Even Automakers Disagree With Trump’s Abandoning Paris Accord

On Thursday, President Trump made the decision to ditch the Paris climate accord and the entire internet seemingly spent the next twelve hours calling it a misstep. Either the president possesses a hidden wisdom on the subject that nobody else can seem to fathom, or he has severely misjudged the public’s position on environmental issues. Calling the accord “unfair at the highest level to the United States,” Trump suggested the deal was detrimental to the country’s manufacturing efforts and gave other nations a financial advantage.

However, the instant feedback from the automotive industry did not appear to share his viewpoint. With nearly 200 other countries still adhering to the nonbinding Paris agreement, it’s almost as if Trump had forgotten car companies operate on a global stage. Both General Motors and Ford Motor Company issued statements in opposition to Trump’s decision.

“We believe climate change is real, and remain deeply committed to reducing greenhouse gas emissions in our vehicles and our facilities,” announced Ford. “Our commitment to sustainability is why we’re investing so heavily in electrification and adding 13 new electrified vehicles to our lineup.”

General Motors’ statement was similar in tone: “GM will not waver from our commitment to the environment and our position on climate change has not changed. International agreements aside, we remain committed to creating a better environment.”

SEE ALSO: Trump Cutting EPA Emissions Test Lab And Wants Automakers To Pay For It

The automaker also confirmed CEO Mary Barra will continue to serve on the President’s Strategy and Policy Forum because it “provides GM a seat at an important table to contribute to a constructive dialogue about key policy issues.”

However, Elon Musk’s seat at that table did not seem to sway Trump’s final decision on the matter. As a result, the head of Tesla chose to abandon his post after publicly promising to do so if the president pulled out of the Paris agreement. “Climate change is real,” Musk said in a tweet. “Leaving Paris is not good for America or the world.”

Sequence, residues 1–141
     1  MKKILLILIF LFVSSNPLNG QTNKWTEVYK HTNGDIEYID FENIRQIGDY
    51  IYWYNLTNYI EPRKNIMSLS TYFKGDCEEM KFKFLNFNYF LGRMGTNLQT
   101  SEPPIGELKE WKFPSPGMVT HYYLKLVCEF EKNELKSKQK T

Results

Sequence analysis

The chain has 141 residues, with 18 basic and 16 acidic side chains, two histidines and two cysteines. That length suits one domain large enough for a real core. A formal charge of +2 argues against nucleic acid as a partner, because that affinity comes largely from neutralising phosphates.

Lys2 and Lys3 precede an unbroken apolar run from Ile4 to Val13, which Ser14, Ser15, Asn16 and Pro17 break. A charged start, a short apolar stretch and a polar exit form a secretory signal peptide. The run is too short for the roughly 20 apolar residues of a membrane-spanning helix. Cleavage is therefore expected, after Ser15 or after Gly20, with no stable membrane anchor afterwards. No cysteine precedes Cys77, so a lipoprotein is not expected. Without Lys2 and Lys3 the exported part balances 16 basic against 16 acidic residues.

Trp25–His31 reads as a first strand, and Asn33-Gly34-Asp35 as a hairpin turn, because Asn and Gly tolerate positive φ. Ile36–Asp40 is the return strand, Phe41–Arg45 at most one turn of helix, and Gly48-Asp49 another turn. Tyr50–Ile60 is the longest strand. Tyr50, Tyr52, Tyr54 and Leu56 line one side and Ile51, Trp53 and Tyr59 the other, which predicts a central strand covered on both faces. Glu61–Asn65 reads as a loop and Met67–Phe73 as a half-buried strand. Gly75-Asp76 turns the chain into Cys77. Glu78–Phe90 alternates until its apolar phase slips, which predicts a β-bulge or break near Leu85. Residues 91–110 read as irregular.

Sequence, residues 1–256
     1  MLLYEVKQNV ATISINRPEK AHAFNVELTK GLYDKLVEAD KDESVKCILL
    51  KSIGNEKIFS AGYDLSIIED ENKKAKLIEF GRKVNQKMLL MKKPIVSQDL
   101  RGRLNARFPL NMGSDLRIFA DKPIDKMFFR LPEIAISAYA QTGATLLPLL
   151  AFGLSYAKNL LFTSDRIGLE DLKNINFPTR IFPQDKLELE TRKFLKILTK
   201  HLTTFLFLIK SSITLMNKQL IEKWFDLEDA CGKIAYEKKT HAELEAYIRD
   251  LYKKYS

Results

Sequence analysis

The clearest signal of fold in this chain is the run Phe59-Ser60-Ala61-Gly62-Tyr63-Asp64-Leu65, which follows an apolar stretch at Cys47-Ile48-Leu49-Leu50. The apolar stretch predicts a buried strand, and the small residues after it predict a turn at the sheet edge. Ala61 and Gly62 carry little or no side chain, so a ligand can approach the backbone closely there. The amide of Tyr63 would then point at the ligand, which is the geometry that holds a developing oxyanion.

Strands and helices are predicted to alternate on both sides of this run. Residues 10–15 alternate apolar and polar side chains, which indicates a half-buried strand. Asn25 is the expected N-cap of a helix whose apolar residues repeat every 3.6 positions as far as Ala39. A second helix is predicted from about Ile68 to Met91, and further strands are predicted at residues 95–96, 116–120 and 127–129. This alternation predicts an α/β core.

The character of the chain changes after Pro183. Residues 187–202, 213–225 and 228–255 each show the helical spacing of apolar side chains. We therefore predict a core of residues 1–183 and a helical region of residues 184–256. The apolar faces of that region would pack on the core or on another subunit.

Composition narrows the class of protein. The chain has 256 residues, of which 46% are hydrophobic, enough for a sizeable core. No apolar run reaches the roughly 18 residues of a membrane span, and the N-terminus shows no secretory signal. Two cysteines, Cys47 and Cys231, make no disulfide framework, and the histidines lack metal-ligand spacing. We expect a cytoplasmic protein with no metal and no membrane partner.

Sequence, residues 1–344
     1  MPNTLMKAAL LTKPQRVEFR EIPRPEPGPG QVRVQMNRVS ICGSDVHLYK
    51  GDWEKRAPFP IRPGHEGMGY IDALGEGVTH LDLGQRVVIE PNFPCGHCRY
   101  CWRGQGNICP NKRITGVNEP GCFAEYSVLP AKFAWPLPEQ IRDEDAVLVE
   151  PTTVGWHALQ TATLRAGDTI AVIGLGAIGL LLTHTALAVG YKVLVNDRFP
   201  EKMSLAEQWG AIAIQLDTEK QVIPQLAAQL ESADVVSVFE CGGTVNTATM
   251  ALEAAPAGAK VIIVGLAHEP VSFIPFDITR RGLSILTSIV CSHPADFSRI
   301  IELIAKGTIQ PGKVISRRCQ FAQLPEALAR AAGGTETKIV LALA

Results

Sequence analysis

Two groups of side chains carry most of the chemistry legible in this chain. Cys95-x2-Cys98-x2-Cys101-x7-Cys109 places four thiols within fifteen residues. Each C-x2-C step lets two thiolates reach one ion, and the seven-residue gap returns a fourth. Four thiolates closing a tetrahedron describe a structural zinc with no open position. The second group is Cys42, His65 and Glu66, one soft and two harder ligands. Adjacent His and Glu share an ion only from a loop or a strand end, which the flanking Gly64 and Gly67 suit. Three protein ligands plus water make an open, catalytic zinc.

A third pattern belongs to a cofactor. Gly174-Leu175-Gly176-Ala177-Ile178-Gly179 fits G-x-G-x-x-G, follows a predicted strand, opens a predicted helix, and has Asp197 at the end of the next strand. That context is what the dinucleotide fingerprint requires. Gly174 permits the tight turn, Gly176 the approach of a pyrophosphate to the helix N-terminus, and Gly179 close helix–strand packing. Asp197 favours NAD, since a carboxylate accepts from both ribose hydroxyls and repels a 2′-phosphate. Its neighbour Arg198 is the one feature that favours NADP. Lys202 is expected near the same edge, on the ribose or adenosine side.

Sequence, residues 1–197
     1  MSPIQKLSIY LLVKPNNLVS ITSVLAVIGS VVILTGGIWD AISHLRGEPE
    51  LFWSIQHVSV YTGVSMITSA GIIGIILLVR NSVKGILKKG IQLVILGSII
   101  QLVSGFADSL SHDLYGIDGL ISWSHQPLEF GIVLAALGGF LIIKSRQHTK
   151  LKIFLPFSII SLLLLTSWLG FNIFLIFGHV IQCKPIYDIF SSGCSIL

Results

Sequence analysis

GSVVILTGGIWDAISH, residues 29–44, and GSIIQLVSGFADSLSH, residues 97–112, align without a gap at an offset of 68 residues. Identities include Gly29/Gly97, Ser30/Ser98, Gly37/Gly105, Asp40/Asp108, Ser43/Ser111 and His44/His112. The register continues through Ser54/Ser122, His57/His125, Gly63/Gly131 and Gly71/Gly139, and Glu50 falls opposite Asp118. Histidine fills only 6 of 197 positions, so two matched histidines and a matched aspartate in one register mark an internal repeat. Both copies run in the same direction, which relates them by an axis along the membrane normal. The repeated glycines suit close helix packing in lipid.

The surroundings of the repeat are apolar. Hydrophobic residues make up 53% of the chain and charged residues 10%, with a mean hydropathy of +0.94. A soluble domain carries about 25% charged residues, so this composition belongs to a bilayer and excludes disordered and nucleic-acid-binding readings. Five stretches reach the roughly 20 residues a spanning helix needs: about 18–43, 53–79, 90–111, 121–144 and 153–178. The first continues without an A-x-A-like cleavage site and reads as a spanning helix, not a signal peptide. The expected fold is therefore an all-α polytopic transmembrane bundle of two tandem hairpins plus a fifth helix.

Even oil companies like Exxon and Shell didn’t stand by the choice. Exxon’s environmental manager, Peter Trelenberg, wrote a letter — published in the Financial Times — urging the president to reconsider. Meanwhile, Shell CEO Ben van Beurden has been a longtime and highly vocal proponent of the agreement.

It’s true that automotive companies want some leeway when it comes to emissions standards. One of Trump’s first days in office was spent meeting with industry heads to discuss exactly that. However, none of them can risk becoming a social outcast.

Furthermore, most automakers have invested heavily into new technologies designed specifically to adhere to more stringent environmental guidelines. Regardless of individual beliefs about climate change, the table has been set and the industry has sat down with tech in hand after having sunk billions of dollars into R&D. American automakers must engineer their product to a global benchmark, even if the U.S. government says its alright to take it easy. It’s not financially sound to develop a completely divergent product line for the domestic market when you’re also selling cars in Europe and Asia.

Even within North America, automakers would have to adhere to higher standards in Canada and certain states that vehemently oppose rolling back regulatory guidelines. Practically every foreign leader condemned Trump’s decision, while Californian governor Jerry Brown had things covered stateside. “He’s wrong on the facts,” Brown said. “America’s economy is boosted by following the Paris Agreement. He’s wrong on the science. Totally wrong. California will resist this misguided and insane course of action.”

Still, there are many who would disagree. Several Republican senators came out in favor of the president, most notably West Virginia’s Shelley Moore Capito and Oklahoma’s James Inhofe — both of whom claimed the decision was in the best interest of the U.S. workforce. White House chief strategist Steve Bannon and EPA administrator Scott Pruitt were also in opposition to the Paris accord and helped to influence Trump’s final decision.

The president concluded his time on the White House lawn by suggesting abandoning environmental concerns would bolster cities like Detroit — bringing back manual labor jobs and returning America to its former glory. However, that’s difficult to believe. Even if you detach yourself from partisanship and environmental issues entirely, you’re left with the practical problem of how to sell vehicles abroad that don’t adhere to the same global standard of your competitors.

This article originally appeared at TheTruthAboutCars.com